O’Flynn is particularly good at describing the horrors of the mall (and I’m particularly open to hearing about how horrible they are, as there are few places I hate more than a mall); an institution that bleeds the life out of its employees, who work low-wage jobs with abusive bosses and equally abusive, sometimes insane, customers.  The mall seems to bleed the life out of the customers as well, who often appear as zombie-like creatures, wandering around buying things because they have nothing better to do.  It’s a nightmarish place, symbolizing a society that has lost its way and perhaps lost its soul.

This is not an entirely sad book, as its ending does have glimmers of hope and promise, and the mystery does get solved, but the novel does such a good job of showing loss on many levels that I closed it feeling sad for the people and the world it describes.  The novel’s structure and pacing left me a little dissatisfied, but there are lots of other things to admire in the novel, and if the subject matter sounds interesting to you, I would recommend it.

7 Comments

Filed under Books, Fiction

7 responses to “What Was Lost

  1. I think I’d really like the parts about the horrors of the mall too :)

  2. How very interesting! I’ve seen this book around and wondered about getting hold of it. I think I probably will read it, for its subject matter, but I also understand completely that novels about loss are hard to sustain, because readers are happiest when they are being given something back in a narrative, I think. Doesn’t have to be much. Great review, Dorothy!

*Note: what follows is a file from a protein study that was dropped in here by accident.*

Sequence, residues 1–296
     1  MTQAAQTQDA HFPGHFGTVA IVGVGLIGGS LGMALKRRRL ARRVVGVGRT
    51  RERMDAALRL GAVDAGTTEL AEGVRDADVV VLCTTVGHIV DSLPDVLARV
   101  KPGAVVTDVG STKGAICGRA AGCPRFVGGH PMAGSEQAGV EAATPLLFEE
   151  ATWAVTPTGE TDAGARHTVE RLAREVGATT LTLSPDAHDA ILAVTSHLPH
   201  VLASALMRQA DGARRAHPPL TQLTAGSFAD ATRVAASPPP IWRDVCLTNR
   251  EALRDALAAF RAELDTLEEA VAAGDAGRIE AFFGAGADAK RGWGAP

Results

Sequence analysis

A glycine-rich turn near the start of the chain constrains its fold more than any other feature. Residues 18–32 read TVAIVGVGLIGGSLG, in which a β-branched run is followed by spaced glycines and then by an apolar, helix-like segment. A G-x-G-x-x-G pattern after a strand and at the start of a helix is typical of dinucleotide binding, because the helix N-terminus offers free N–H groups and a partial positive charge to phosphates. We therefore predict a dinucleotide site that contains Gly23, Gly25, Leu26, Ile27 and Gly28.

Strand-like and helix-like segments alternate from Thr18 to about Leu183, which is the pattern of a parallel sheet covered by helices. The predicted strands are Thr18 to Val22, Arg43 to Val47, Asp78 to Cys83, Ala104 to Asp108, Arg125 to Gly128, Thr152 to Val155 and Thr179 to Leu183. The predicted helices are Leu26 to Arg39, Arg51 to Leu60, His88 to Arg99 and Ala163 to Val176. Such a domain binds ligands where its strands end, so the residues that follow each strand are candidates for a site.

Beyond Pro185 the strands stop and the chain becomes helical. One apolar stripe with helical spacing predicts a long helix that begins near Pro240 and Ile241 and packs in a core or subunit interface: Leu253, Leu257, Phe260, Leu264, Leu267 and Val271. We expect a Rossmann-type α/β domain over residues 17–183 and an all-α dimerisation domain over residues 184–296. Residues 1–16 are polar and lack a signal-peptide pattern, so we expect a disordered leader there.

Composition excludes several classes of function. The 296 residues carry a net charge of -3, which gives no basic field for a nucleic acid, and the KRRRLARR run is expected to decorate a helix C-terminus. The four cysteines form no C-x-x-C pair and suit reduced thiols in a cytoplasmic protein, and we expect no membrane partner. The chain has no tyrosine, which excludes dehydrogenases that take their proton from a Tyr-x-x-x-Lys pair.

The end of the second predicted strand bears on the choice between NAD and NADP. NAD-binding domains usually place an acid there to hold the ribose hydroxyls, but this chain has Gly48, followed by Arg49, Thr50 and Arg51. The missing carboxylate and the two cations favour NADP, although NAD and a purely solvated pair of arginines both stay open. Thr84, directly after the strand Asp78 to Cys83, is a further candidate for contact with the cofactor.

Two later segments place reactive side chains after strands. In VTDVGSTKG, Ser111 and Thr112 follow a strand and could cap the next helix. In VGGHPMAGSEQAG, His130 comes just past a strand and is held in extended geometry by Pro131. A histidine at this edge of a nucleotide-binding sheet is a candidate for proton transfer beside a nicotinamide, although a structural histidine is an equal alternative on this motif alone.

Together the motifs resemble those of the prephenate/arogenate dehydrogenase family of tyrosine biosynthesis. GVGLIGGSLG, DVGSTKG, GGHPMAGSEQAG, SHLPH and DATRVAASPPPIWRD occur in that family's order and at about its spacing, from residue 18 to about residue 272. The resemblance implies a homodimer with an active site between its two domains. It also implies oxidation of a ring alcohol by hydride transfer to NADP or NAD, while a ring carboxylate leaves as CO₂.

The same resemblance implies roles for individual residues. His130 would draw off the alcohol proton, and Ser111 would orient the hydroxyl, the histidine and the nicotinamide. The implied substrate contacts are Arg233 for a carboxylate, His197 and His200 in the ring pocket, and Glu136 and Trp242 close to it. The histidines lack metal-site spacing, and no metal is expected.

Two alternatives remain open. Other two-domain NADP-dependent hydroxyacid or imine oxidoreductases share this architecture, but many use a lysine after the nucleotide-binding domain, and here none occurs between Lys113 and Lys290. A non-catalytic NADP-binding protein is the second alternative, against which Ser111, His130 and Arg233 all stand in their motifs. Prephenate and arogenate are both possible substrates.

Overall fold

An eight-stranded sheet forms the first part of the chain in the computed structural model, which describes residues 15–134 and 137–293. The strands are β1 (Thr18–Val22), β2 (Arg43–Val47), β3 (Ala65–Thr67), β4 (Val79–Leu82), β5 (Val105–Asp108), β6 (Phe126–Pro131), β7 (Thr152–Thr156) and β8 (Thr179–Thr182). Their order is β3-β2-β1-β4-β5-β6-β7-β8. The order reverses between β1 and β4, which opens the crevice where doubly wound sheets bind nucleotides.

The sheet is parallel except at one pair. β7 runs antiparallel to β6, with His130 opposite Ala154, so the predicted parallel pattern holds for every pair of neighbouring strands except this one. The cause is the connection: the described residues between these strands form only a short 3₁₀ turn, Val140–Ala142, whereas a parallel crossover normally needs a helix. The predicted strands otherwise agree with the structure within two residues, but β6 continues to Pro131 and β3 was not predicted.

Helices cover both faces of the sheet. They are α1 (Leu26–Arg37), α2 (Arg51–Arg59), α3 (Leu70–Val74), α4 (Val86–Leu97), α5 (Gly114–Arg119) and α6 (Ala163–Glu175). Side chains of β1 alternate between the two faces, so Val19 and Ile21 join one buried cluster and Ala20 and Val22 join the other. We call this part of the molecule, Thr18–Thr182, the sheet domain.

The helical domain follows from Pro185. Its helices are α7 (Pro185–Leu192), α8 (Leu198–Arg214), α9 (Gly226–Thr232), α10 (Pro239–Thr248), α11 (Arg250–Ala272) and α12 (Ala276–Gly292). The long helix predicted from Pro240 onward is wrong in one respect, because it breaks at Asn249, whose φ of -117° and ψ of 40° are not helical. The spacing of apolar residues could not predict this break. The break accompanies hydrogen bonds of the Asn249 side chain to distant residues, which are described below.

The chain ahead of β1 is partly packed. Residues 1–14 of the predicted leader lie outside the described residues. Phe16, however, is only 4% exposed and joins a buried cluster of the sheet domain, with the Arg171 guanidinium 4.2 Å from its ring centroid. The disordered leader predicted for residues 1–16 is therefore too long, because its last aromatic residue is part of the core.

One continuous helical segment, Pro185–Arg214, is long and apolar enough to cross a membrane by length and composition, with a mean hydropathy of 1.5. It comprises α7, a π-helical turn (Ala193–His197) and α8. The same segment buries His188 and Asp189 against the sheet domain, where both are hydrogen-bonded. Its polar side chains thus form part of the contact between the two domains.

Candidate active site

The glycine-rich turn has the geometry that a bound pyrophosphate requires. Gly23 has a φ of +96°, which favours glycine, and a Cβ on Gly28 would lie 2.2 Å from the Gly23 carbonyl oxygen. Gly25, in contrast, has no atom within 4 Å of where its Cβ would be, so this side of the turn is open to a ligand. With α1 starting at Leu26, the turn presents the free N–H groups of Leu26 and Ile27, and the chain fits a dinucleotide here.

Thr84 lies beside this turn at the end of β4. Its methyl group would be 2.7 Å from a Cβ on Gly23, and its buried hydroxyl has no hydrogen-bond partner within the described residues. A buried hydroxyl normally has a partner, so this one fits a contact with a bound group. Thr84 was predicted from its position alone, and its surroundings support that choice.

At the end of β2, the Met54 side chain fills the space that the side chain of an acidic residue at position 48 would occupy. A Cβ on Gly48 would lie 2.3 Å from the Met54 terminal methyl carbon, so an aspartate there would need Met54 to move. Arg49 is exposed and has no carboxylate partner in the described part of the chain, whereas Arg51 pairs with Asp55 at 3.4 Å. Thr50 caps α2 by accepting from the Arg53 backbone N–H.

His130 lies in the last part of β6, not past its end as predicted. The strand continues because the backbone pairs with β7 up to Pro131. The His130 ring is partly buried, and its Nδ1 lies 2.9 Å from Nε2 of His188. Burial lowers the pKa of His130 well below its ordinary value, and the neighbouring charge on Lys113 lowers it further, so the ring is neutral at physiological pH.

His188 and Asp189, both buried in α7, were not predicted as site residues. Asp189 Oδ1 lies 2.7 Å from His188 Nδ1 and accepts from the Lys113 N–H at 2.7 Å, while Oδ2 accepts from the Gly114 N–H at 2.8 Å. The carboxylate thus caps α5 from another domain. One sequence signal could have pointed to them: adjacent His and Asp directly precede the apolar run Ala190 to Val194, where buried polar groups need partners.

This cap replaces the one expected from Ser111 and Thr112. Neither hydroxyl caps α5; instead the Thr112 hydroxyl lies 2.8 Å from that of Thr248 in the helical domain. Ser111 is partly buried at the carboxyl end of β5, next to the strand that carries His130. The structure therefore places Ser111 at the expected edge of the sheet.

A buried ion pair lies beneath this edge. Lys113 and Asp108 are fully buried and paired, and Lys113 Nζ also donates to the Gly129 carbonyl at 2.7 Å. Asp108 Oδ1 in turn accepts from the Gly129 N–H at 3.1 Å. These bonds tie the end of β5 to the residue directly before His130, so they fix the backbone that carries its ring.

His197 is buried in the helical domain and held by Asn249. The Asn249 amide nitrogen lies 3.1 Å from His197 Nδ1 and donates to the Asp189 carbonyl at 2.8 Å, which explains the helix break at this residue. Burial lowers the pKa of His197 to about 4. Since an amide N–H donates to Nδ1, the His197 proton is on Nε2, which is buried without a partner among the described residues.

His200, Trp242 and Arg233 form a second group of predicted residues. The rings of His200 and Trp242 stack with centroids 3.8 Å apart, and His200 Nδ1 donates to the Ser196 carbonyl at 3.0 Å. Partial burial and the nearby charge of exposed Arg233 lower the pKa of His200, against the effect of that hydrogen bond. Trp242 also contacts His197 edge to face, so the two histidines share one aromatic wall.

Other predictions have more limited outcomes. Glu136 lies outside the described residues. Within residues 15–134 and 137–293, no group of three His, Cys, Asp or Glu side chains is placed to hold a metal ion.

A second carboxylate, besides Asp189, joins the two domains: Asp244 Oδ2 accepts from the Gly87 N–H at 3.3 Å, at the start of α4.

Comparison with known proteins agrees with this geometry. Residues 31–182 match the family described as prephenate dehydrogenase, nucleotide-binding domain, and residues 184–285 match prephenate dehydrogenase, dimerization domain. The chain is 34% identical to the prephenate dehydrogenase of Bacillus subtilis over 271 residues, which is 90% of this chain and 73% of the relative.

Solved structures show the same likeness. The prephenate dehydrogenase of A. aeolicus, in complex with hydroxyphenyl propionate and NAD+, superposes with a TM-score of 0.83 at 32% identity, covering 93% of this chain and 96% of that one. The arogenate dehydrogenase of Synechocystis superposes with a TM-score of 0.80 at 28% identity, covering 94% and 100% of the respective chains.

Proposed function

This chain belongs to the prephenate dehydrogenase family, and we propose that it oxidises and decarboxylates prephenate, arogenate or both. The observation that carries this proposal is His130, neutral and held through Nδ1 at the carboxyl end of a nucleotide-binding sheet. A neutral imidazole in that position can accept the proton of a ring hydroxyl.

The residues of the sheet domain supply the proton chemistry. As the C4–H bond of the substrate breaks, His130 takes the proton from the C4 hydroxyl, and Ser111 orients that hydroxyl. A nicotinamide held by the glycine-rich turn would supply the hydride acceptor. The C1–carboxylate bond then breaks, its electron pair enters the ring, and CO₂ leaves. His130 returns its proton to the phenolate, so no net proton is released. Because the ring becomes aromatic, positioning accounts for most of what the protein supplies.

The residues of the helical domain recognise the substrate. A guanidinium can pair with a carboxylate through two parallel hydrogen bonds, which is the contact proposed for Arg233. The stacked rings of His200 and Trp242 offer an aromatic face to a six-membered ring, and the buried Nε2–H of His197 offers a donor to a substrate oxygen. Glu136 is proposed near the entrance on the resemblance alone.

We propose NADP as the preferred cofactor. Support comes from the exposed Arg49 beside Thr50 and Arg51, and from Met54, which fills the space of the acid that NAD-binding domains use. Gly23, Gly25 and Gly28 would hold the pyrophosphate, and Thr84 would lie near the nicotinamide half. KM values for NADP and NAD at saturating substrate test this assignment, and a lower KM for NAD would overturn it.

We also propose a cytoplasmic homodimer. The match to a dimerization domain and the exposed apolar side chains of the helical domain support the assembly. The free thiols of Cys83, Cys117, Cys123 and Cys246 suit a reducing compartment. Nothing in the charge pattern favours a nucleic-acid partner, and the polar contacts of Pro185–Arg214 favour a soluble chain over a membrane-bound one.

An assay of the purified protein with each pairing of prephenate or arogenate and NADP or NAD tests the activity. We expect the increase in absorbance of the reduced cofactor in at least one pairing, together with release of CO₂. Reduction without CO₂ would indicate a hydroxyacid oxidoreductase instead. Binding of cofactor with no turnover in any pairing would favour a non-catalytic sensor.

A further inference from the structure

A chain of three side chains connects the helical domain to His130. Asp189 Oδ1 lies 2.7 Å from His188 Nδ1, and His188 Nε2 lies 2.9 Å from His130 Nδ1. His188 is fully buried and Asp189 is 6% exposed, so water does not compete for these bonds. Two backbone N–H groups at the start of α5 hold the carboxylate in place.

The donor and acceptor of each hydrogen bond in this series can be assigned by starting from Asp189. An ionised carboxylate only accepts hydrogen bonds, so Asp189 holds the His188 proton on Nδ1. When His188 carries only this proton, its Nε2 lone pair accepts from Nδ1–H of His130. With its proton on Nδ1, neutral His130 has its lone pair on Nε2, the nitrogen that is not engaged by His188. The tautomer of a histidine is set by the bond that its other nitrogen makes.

3. This book had so many personal resonances for me because O’Flynn is a local writer. I know the shopping centre about which she is writing and as a child my parents ran one of the corner shops that was at the heart of a community that has since dissipated. Read it was like reading about my own life and the changes that I’ve seen going on about me.

  4. This sounds good, and I hope to get a copy as well. I agree with you about malls–they are depressing (though maybe strip malls are worse). They do bleed the life out of a community! I’m looking forward to this.

  5. Stefanie — yes, you would! She captures the horror of malls very well.

    Litlove — thank you, and I hope you enjoy the book. I suppose my feeling of loss at the end of the Kate Meaney section is only appropriate, given what is happening, but still …

    Ann — oh, how interesting! And how sad. Your personal connection must have made reading the book hard — or at least very emotional. It’s heartbreaking to see a community fall apart like that.

    Danielle — I hope you enjoy the book, and yeah, strip malls are really terrible too. Depressing.

  6. I think your review of this was dead-on. Couldn’t agree more! I just posted mine today (and linked to yours): http://everydayiwritethebook.typepad.com/books/2008/07/what-was-lost-by-catherine-flynn.html

  7. Thanks Gayle! I’ll check your review out.